The Nigerian military remains on course to defeat the radical Islamic group Boko Haram by Abuja’s self-imposed deadline of the end of the December, President Muhammadu Buhari’s official spokesman told Newsweek on Thursday, despite apparent dissent by a senior military official.
“Twenty-four hours ago, the head of the Nigerian Army, General Buratai, reaffirmed the commitment of the government to achieving the deadline,” Shehu says by phone from the Nigerian capital, in reference to a speech Buratai gave in Borno on Wednesday. “That is the official government position.”
Shehu’s comments come after Air Commodore Yusuf Anas of the Abuja-based Center for Crisis Communication, cited as a Nigerian government spokesman by the Associated Press, said that the Nigerian military would not be able to meet the December deadline.
Anas broke with the government’s stance on the fight against Boko Haram, warning that the deadline “may be unrealistic” and saying Nigerians should not regard December as a “sacrosanct date when all suicide bombings will end.”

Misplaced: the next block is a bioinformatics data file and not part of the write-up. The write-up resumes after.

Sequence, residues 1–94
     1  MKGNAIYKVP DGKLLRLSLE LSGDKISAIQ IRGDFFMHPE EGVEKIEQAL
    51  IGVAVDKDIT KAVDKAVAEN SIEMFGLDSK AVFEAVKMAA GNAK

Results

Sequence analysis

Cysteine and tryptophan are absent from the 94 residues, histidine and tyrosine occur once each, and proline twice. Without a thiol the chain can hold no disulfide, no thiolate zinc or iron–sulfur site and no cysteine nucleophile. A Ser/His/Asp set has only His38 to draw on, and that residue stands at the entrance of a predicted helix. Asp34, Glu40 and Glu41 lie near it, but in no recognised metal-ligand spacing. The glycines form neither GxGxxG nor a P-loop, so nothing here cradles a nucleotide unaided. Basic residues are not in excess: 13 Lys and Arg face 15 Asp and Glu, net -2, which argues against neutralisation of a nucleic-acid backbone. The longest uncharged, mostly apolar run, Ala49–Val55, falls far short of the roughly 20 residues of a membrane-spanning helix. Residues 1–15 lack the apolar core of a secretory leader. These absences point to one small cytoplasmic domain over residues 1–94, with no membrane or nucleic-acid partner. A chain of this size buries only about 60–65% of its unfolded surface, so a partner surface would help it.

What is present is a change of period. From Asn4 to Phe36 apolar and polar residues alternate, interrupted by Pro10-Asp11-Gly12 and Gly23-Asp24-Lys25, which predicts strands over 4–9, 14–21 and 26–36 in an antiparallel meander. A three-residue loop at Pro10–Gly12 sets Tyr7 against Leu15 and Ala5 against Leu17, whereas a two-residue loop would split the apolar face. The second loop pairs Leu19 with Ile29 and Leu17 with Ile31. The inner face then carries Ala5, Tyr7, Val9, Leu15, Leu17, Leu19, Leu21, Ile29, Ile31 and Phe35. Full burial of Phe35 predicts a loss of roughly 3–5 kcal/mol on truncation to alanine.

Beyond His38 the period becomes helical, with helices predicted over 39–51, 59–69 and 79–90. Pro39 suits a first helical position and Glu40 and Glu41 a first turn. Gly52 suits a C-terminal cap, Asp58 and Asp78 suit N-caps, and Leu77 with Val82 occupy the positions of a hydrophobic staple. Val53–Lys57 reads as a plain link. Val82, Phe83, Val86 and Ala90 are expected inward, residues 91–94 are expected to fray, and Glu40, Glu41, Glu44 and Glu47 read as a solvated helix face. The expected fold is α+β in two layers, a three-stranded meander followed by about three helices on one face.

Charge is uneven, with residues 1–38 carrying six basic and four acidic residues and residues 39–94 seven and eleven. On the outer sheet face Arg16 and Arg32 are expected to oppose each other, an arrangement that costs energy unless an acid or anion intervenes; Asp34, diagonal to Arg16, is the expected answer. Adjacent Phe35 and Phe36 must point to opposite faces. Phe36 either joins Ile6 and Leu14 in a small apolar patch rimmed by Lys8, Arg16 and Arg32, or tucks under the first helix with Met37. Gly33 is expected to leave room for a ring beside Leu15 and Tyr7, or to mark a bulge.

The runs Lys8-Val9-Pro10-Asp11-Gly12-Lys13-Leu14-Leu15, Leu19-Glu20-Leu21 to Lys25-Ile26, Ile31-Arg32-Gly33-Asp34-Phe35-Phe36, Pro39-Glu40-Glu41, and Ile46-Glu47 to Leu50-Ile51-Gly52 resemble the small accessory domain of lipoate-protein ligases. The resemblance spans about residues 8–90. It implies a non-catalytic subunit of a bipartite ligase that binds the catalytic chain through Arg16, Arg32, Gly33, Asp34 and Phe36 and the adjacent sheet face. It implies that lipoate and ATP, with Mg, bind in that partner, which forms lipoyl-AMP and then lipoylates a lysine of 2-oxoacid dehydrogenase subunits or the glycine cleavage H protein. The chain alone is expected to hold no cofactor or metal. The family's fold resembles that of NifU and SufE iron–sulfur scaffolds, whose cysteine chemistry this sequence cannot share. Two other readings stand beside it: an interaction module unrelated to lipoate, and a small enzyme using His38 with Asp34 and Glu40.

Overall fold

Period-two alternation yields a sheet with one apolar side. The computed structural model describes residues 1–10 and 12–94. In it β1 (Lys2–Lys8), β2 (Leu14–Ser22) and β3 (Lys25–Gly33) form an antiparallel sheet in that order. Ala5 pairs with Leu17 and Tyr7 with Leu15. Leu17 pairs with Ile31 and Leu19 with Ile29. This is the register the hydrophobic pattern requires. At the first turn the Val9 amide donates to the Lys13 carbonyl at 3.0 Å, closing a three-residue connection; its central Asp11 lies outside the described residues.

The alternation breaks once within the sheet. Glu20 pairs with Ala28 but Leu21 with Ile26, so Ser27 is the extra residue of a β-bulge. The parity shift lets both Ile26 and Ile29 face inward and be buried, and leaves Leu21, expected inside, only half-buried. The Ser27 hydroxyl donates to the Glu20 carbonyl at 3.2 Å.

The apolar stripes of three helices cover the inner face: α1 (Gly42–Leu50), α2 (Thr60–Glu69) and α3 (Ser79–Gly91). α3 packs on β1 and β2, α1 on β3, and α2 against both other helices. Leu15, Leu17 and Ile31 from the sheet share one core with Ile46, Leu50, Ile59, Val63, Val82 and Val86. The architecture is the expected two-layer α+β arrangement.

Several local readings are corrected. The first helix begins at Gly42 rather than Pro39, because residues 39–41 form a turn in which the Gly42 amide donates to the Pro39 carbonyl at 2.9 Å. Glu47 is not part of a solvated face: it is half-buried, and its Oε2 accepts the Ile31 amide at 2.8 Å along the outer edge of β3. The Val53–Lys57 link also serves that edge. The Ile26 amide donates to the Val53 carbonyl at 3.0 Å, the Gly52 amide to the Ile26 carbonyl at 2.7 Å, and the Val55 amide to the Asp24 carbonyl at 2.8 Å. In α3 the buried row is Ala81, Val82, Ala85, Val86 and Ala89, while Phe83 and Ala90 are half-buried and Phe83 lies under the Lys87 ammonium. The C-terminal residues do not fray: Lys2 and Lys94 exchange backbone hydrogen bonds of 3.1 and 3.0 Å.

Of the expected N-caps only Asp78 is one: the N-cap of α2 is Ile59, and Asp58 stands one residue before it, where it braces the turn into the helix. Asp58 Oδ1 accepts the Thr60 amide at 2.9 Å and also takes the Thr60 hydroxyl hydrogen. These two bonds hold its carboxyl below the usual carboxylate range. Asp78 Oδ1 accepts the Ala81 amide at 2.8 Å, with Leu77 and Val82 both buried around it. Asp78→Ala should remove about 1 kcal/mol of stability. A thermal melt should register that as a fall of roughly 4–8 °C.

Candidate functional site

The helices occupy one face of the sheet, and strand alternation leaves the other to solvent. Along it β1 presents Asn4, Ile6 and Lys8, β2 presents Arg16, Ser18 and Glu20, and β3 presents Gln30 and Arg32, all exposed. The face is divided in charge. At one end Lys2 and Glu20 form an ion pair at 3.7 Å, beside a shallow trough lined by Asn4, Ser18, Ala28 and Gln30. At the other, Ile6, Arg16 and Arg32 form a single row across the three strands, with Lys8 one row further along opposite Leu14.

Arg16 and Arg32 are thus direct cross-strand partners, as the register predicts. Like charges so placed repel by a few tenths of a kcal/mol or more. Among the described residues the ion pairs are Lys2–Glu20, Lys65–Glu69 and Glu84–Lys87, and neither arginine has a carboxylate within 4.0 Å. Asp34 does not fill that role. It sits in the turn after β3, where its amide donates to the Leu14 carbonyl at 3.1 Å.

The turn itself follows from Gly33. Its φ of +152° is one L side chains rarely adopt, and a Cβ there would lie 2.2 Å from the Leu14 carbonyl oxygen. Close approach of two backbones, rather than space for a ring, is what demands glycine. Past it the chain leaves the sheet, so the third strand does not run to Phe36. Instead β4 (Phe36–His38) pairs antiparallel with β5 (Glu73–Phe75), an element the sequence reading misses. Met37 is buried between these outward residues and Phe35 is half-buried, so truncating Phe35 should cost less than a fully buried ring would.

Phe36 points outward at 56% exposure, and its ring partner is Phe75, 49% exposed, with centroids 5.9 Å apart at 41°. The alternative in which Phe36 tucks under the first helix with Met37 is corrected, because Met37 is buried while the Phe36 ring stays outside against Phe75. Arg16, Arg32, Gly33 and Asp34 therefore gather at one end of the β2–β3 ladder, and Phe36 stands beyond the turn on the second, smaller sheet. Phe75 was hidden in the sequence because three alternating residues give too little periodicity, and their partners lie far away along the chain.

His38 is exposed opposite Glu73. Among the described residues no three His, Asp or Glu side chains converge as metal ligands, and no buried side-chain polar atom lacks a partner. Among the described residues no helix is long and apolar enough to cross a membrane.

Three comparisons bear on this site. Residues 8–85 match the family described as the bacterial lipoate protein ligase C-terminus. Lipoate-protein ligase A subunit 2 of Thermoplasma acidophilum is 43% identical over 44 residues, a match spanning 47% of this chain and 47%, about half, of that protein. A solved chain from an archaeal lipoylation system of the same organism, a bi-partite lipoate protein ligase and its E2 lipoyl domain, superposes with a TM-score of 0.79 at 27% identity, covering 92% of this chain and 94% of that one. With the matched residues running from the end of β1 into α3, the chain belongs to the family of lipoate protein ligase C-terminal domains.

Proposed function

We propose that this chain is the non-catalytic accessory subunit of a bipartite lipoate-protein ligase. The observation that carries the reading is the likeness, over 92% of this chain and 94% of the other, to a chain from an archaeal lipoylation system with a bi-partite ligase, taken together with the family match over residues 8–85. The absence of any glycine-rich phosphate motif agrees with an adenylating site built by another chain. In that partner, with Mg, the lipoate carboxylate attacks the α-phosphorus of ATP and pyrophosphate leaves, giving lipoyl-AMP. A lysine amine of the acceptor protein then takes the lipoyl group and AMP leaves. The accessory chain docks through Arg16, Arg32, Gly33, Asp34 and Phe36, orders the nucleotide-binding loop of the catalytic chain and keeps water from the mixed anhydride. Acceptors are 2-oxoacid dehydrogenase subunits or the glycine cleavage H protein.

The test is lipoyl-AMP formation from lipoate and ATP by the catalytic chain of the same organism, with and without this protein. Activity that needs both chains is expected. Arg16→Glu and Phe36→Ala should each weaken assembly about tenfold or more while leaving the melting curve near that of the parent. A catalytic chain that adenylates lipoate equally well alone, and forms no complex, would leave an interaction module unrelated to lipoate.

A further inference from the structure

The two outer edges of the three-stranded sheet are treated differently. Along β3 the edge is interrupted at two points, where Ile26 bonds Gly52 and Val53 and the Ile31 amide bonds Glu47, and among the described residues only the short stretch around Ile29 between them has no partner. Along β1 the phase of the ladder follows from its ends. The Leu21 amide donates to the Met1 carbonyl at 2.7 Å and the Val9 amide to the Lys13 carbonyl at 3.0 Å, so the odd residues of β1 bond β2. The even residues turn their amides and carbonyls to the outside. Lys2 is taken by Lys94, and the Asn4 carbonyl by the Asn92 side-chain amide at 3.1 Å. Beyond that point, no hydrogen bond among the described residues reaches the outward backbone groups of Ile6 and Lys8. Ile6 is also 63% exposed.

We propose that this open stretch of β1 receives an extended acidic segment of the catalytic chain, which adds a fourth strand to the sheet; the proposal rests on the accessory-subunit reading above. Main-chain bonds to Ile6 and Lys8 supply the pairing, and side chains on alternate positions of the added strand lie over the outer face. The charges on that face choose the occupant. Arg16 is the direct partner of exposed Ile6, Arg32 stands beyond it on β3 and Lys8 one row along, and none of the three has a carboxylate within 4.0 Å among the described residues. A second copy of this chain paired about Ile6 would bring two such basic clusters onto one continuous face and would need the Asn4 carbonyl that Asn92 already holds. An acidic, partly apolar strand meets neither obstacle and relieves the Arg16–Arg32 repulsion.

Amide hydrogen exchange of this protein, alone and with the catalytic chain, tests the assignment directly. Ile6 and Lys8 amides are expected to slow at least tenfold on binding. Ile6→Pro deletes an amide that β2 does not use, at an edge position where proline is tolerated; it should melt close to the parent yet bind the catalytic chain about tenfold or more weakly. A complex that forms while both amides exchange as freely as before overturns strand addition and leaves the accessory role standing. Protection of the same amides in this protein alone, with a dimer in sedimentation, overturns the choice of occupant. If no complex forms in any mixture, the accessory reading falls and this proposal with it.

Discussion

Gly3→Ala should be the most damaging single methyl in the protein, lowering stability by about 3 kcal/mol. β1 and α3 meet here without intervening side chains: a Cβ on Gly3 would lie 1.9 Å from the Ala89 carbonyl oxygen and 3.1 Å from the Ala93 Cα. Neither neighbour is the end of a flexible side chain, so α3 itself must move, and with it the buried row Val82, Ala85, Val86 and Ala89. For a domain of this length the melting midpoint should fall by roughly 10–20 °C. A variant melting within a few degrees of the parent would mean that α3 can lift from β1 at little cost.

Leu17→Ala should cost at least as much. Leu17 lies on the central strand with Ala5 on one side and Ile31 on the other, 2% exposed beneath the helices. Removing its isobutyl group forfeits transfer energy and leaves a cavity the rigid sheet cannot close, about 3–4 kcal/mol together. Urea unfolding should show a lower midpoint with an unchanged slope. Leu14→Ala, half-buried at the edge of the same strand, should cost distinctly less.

Anas told the AP: “The timeline on when to stop the insurgents from activating sleeper cells and detonating bombs into soft targets in any part of the country, especially in the frontline states, is therefore not tenable.”
But Shehu says Anas does not represent the government and can’t speak to its policies regarding the fight against Boko Haram.
“Air Commodore Anas does not work for the Nigerian government, the center which he said that from does not speak for the Nigerian government, but he is entitled to his own opinion on the matter,” Shehu adds.
In contrast with Anas’ opinion of what would constitute a defeat of the militant group by December, Shehu says the government’s definition of victory does not include stopping the group’s deadly suicide bombings across the country’s northern regions.
“[The group’s defeat] will mean that they will no longer hold any territory claiming to be their own,” Shehu says. “They will no longer be able to launch the kind of attacks that would allow them to seize land.”
But, he warns, “to say that there would be no more terror activities, it’s like promising a given society that there would be no more crime. It doesn’t happen anywhere.”
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